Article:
Greg Kahn

Greg K
GCC Member
GCC Member
Posts: 1613
Joined: December 21st, 2013, 3:16 pm
Location: New York

Re: Underrated Burgundy Vintages

#10 Post by Greg K » September 17th, 2020, 11:30 am

Howard Cooper wrote:
September 17th, 2020, 8:55 am
My feeling about recent vintages is this. 1999, 2005 (I hope) and 2010 are the great vintages.
I'm less confident making that call on 2005, as I have some concerns that it might go the way of 96 (though I really hope I'm wrong). I also think 2016 is a great vintage, personally.
Greg Kahn

Tony C
Posts: 329
Joined: July 27th, 2015, 5:01 pm

Re: Underrated Burgundy Vintages

#11 Post by Tony C » September 17th, 2020, 11:45 am

Greg K wrote:
September 17th, 2020, 11:30 am
Howard Cooper wrote:
September 17th, 2020, 8:55 am
My feeling about recent vintages is this. 1999, 2005 (I hope) and 2010 are the great vintages.
I'm less confident making that call on 2005, as I have some concerns that it might go the way of 96 (though I really hope I'm wrong). I also think 2016 is a great vintage, personally.
What’s happening with the 96 vintage? I haven’t been buying Burgs for that long.
C @ r u c c !

User avatar
RyanC
GCC Member
GCC Member
Posts: 3852
Joined: June 2nd, 2009, 4:20 pm
Location: Houston, TX

Re: Underrated Burgundy Vintages

#12 Post by RyanC » September 17th, 2020, 11:57 am

Greg K wrote:
September 17th, 2020, 11:30 am
Howard Cooper wrote:
September 17th, 2020, 8:55 am
My feeling about recent vintages is this. 1999, 2005 (I hope) and 2010 are the great vintages.
I'm less confident making that call on 2005, as I have some concerns that it might go the way of 96 (though I really hope I'm wrong). I also think 2016 is a great vintage, personally.
I’m very, very bullish on ‘16. But there’s so little of it out there.
C@ughey

User avatar
Howard Cooper
GCC Member
GCC Member
Posts: 19786
Joined: May 30th, 2009, 8:37 am
Location: Rockville, MD

Re: Underrated Burgundy Vintages

#13 Post by Howard Cooper » September 17th, 2020, 12:02 pm

Tony C wrote:
September 17th, 2020, 11:45 am
Greg K wrote:
September 17th, 2020, 11:30 am
Howard Cooper wrote:
September 17th, 2020, 8:55 am
My feeling about recent vintages is this. 1999, 2005 (I hope) and 2010 are the great vintages.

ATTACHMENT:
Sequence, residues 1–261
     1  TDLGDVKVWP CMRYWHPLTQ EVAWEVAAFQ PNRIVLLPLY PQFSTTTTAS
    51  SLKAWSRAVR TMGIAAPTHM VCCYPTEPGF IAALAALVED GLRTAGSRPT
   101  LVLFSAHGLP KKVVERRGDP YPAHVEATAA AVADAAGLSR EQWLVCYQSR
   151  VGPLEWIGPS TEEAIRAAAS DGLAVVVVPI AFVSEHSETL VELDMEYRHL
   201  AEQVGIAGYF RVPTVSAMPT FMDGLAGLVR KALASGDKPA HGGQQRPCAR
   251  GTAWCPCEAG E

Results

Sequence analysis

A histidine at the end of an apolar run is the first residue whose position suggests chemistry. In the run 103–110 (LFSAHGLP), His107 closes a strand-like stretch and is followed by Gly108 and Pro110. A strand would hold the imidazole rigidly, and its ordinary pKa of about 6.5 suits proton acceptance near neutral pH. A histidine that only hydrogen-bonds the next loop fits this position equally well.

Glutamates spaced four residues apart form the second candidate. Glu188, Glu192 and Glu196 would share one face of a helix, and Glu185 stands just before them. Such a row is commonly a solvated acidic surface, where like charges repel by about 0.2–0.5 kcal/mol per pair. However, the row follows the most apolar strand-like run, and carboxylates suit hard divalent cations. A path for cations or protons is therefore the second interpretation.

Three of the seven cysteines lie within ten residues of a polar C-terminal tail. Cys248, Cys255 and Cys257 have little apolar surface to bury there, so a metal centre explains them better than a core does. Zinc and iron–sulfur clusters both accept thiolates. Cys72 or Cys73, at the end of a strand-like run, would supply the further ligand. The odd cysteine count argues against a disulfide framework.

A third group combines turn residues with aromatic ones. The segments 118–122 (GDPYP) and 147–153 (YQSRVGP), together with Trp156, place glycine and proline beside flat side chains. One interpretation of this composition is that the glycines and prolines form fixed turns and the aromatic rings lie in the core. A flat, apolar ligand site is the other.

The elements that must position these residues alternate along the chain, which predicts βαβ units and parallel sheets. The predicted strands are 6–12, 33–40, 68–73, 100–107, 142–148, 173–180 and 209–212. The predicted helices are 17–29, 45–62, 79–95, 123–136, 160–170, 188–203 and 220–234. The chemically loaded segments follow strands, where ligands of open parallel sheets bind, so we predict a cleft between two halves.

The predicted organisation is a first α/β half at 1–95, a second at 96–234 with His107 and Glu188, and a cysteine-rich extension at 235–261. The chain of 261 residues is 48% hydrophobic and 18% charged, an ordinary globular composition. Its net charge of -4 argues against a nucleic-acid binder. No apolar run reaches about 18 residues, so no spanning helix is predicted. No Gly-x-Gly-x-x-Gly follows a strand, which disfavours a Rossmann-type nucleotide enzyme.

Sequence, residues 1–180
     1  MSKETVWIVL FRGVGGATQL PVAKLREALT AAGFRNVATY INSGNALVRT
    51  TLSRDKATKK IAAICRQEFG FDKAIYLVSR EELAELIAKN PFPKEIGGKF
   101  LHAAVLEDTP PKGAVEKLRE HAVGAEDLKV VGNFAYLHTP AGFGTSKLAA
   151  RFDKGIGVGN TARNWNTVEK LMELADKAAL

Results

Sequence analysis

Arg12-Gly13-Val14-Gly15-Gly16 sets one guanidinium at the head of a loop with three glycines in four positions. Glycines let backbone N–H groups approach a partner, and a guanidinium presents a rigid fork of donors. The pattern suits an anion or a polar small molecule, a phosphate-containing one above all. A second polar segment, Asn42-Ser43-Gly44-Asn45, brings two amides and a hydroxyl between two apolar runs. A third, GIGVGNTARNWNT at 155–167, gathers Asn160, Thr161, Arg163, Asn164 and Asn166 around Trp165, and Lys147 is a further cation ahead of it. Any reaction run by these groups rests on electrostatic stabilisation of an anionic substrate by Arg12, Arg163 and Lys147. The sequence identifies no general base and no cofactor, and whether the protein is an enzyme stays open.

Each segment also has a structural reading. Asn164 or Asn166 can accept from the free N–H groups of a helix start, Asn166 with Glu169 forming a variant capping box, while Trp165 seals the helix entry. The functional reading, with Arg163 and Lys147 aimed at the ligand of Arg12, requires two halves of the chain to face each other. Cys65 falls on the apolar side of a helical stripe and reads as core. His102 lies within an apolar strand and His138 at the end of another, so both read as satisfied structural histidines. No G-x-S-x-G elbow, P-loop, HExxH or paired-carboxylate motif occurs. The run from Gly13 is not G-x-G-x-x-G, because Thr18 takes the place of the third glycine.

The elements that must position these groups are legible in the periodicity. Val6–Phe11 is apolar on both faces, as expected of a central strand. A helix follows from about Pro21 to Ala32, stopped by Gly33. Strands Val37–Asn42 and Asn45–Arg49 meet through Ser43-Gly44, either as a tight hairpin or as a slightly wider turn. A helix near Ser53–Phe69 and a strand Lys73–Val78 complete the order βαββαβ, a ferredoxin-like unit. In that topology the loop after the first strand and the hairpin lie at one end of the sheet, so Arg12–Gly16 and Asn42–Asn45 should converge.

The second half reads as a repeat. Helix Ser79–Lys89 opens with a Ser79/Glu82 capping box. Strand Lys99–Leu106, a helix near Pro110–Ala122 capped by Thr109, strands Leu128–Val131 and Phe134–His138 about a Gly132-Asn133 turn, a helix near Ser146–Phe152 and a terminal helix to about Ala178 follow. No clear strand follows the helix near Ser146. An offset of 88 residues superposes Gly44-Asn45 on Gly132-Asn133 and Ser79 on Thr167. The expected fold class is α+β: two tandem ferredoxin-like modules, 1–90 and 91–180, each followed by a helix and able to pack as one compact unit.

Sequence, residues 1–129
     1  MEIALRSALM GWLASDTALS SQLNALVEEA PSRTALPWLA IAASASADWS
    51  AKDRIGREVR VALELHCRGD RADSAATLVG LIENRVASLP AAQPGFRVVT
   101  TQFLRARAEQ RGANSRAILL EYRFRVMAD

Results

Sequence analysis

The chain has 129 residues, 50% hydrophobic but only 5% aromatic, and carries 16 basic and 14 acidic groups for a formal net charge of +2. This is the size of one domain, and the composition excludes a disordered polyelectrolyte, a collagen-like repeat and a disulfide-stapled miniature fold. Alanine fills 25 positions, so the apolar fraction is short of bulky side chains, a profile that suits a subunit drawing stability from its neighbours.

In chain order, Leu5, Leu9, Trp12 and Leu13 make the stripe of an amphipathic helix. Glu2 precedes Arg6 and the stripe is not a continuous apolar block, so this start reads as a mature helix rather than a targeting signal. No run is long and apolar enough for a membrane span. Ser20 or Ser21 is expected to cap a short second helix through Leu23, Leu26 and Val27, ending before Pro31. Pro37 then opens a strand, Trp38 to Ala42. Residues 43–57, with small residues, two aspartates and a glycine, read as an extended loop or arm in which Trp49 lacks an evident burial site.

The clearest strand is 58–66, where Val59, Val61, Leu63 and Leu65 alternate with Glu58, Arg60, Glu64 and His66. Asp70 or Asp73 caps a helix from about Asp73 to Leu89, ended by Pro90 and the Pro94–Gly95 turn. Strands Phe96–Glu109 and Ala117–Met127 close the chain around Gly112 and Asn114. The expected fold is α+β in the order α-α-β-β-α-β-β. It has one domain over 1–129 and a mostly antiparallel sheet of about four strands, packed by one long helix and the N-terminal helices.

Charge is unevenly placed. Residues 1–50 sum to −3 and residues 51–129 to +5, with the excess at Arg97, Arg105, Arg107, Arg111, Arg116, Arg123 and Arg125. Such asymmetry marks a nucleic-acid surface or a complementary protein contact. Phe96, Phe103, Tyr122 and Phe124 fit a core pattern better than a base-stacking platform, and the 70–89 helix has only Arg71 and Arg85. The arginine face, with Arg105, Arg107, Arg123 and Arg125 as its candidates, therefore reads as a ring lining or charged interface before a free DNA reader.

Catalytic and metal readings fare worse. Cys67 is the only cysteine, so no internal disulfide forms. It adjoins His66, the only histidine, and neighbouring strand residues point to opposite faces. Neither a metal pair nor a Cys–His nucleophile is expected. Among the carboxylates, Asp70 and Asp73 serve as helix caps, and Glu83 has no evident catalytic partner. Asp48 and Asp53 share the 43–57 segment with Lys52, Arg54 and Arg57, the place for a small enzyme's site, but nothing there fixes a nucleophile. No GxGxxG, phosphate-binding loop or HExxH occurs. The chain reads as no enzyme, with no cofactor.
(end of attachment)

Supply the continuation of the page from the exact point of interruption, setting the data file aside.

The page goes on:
I'm less confident making that call on 2005, as I have some concerns that it might go the way of 96 (though I really hope I'm wrong). I also think 2016 is a great vintage, personally.
What’s happening with the 96 vintage? I haven’t been buying Burgs for that long.
A lot of them are tasting really good right about now but a lot of people drank them too young.
Howard

"That's what I do. I drink and I know things." Tyrion Lannister

Greg K
GCC Member
GCC Member
Posts: 1613
Joined: December 21st, 2013, 3:16 pm
Location: New York

Re: Underrated Burgundy Vintages

#14 Post by Greg K » September 17th, 2020, 12:06 pm

Howard Cooper wrote:
September 17th, 2020, 12:02 pm
Tony C wrote:
September 17th, 2020, 11:45 am
Greg K wrote:
September 17th, 2020, 11:30 am


I'm less confident making that call on 2005, as I have some concerns that it might go the way of 96 (though I really hope I'm wrong). I also think 2016 is a great vintage, personally.
What’s happening with the 96 vintage? I haven’t been buying Burgs for that long.
A lot of them are tasting really good right about now but a lot of people drank them too young.
I don't agree with that assessment at all. We had an accidental 96 horizontal a few weeks back with bottlers of Chevillon, d'Angerville and Roumier; some of those bottles had good noses, but all had impenetrable walls of acidity on the palate; none were even remotely close to being finished.